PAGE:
And that’s what happened until CASAC was reformed in the last administration.

Now we are back to the good old days of EPA’s CASAC cronies doing the bidding of EPA staff and rubber-stamping their fraudulent interpretation of the PM2.5 literature and reality.

If I am wrong about any of what I have just said. I’d love to hear about it.

But I know you won’t dare.

You will just hide behind conclusory statements in thousand-page long unreadable summary documents, byzantine process, paid-off academia and a media that is as dumb as EPA is dishonest.

Thank you for your attention.

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Oldseadog
November 18, 2021 10:22 am

It would be useful to know what PM, PM2.5, CASAC, NAAQS etc. mean.

Mason
Reply to  Oldseadog
November 18, 2021 10:58 am

PM – particulate matter. PM2.5 – particulate matter 2.5 micron. National Ambient Air Quality Standards.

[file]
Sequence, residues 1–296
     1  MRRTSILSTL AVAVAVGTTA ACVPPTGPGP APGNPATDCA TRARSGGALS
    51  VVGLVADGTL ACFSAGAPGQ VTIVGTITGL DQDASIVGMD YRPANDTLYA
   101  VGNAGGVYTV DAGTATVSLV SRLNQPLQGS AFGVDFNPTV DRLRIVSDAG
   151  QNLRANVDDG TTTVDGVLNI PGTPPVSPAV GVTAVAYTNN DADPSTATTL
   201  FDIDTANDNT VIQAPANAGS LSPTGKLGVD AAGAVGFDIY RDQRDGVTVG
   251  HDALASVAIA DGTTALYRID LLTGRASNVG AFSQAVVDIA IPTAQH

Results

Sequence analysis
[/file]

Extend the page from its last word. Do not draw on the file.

We were held in limbo over coal flue gas for years over the EPA’s dithering on these standards.

Mason
Reply to  Mason
November 18, 2021 11:01 am

Clean Air Scientific Advisory Committee.

Oldseadog
Reply to  Mason
November 18, 2021 12:02 pm

Thanks, much appreciated. Those of us on the other side of The Pond from you sometimes struggle with your acronyms just as you probably do with ours, not to mention those of the DownUnder ones.

John Garrett
Reply to  Oldseadog
November 18, 2021 2:01 pm

You are not alone.

It is poor writing to use any acronym without first defining it. It is a pet peeve of mine.

I’m still waiting for a definition of NAAQS.

Last edited 15 days ago by John Garrett
MarkW
Reply to  John Garrett
November 18, 2021 3:18 pm

Mason gave that definition.

corky
Reply to  John Garrett
November 18, 2021 4:06 pm

Best acronym in the world?

YAAC – your acronym aint communicating!

Alan M
Reply to  corky
November 18, 2021 7:22 pm

Or NAFA, Not Another F’n Acronym

Reply to  corky
November 19, 2021 4:34 am

I-ANAL is better

I Am Not A Lawyer

czechlist
Reply to  John Garrett
November 18, 2021 4:15 pm
  • National Ambient Air Quality Standard

in fairness this a transcript of testimony given to an audience familiar with the acronyms so definitions would be redundant.

Johanus
Reply to  John Garrett
November 19, 2021 2:42 am

Agreed, good writers define their special terms.